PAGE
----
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Privileging biological or residential relationships: Family policy on obligations to children in 12 countries

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JournalFamilies, Relationships and Societies
DateE-pub ahead of print - 31 Oct 2014
DatePublished (current) - Mar 2016
Issue number1
Volume5
Number of pages17
Pages (from-to)79-95
Early online date31/10/14
Original languageEnglish

Abstract

Children’s living arrangements have become increasingly complex over the last decades, with more children born to parents who do not live together and, even among those born to parents who do live together, increasing numbers are experiencing their parents separating and one or both re-partnering. These changes raise questions about who has financial responsibility for the children. In this article we conceptualise how different child maintenance schemes might deal with six common family transitions, focusing on the extent to which responsibilities are organised according to biology or residence. We then investigate the child maintenance policies in place in 12 countries, and use the results to categorise countries into five child maintenance schemes. Finally, we compare the child maintenance scheme with the level of family complexity in each country to see if countries with the highest levels of complexity tend to organise responsibility differently.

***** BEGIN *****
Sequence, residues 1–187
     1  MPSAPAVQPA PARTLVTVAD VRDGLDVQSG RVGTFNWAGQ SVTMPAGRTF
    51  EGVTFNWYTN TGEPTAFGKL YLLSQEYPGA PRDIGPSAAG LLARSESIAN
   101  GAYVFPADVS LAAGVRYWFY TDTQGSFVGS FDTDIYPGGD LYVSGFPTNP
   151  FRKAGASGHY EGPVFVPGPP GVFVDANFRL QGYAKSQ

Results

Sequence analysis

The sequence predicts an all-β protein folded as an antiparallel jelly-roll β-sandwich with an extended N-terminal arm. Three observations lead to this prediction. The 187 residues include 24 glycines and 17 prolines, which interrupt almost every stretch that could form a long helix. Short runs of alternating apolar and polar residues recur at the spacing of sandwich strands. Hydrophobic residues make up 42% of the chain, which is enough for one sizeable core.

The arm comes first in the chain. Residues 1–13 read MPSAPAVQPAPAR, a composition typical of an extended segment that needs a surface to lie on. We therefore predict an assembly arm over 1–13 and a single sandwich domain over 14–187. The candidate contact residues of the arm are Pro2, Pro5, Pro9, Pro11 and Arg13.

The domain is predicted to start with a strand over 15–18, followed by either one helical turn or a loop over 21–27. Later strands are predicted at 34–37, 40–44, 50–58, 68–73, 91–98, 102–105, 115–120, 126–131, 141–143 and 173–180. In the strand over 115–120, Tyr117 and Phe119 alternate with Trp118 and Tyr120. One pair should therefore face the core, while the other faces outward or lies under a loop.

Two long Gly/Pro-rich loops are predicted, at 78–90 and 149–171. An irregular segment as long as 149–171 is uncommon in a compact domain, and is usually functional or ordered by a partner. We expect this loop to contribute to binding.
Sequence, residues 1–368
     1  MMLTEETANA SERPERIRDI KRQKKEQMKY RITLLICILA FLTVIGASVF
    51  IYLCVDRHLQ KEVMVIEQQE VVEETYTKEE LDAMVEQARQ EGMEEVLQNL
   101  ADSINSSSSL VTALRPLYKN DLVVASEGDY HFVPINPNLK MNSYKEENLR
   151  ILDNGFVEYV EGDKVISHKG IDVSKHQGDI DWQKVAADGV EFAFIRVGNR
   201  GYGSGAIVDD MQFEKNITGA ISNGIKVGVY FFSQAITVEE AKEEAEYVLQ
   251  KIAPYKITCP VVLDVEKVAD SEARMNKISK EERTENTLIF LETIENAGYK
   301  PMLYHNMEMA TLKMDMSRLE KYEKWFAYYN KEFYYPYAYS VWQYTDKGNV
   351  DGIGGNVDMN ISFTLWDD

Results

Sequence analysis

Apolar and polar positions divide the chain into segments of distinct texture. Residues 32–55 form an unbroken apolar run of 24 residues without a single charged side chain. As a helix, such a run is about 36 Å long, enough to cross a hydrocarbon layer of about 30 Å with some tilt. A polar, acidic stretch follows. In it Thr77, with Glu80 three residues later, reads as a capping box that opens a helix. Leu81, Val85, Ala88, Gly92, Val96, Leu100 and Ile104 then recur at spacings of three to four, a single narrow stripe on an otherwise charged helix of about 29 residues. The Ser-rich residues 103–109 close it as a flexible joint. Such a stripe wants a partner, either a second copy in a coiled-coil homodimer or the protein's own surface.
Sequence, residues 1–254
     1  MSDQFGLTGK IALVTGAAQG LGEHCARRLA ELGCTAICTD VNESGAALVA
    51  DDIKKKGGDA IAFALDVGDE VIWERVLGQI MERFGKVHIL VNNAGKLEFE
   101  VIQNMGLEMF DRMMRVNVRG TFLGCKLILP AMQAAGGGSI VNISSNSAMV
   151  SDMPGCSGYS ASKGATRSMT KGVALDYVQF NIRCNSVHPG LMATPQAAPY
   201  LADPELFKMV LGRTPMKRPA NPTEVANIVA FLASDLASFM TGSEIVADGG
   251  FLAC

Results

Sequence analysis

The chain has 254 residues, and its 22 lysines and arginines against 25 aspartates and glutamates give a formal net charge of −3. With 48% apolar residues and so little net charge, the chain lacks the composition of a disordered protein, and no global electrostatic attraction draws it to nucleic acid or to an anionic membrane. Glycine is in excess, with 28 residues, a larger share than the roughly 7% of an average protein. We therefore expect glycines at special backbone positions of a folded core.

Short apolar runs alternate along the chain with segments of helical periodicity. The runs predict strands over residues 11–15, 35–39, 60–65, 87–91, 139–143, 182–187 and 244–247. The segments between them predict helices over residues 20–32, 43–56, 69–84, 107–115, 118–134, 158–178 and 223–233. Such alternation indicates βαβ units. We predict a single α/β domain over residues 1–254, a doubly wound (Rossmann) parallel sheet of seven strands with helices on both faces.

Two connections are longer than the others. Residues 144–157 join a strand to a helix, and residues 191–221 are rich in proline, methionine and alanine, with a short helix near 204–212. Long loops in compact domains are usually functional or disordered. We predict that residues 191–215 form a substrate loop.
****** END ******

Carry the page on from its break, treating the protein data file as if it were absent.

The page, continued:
Research areas

  • Child Maintenance, family transitions, Comparative

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